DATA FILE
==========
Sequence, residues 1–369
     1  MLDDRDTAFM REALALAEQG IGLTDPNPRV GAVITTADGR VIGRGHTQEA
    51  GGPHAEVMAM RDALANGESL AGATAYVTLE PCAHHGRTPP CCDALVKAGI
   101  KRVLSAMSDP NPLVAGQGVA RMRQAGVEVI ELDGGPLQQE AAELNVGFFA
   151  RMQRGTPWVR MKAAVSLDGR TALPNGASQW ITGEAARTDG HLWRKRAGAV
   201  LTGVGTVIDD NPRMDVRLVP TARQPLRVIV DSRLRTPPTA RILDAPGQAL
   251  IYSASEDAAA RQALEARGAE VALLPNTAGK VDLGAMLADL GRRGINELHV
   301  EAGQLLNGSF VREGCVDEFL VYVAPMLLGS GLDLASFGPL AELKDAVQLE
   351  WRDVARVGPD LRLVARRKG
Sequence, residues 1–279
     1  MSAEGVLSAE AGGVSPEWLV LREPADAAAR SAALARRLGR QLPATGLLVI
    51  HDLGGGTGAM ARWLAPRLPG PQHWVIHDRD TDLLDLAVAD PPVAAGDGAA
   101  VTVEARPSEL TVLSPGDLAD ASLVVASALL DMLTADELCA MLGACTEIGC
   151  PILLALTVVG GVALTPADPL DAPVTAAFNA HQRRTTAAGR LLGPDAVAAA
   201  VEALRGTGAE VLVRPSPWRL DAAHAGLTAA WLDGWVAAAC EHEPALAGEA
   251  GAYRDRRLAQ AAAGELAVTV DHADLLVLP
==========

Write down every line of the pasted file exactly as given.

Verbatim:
Sequence, residues 1–369
     1  MLDDRDTAFM REALALAEQG IGLTDPNPRV GAVITTADGR VIGRGHTQEA
    51  GGPHAEVMAM RDALANGESL AGATAYVTLE PCAHHGRTPP CCDALVKAGI
   101  KRVLSAMSDP NPLVAGQGVA RMRQAGVEVI ELDGGPLQQE AAELNVGFFA
   151  RMQRGTPWVR MKAAVSLDGR TALPNGASQW ITGEAARTDG HLWRKRAGAV
   201  LTGVGTVIDD NPRMDVRLVP TARQPLRVIV DSRLRTPPTA RILDAPGQAL
   251  IYSASEDAAA RQALEARGAE VALLPNTAGK VDLGAMLADL GRRGINELHV
   301  EAGQLLNGSF VREGCVDEFL VYVAPMLLGS GLDLASFGPL AELKDAVQLE
   351  WRDVARVGPD LRLVARRKG
Sequence, residues 1–279
     1  MSAEGVLSAE AGGVSPEWLV LREPADAAAR SAALARRLGR QLPATGLLVI
    51  HDLGGGTGAM ARWLAPRLPG PQHWVIHDRD TDLLDLAVAD PPVAAGDGAA
   101  VTVEARPSEL TVLSPGDLAD ASLVVASALL DMLTADELCA MLGACTEIGC
   151  PILLALTVVG GVALTPADPL DAPVTAAFNA HQRRTTAAGR LLGPDAVAAA
   201  VEALRGTGAE VLVRPSPWRL DAAHAGLTAA WLDGWVAAAC EHEPALAGEA
   251  GAYRDRRLAQ AAAGELAVTV DHADLLVLP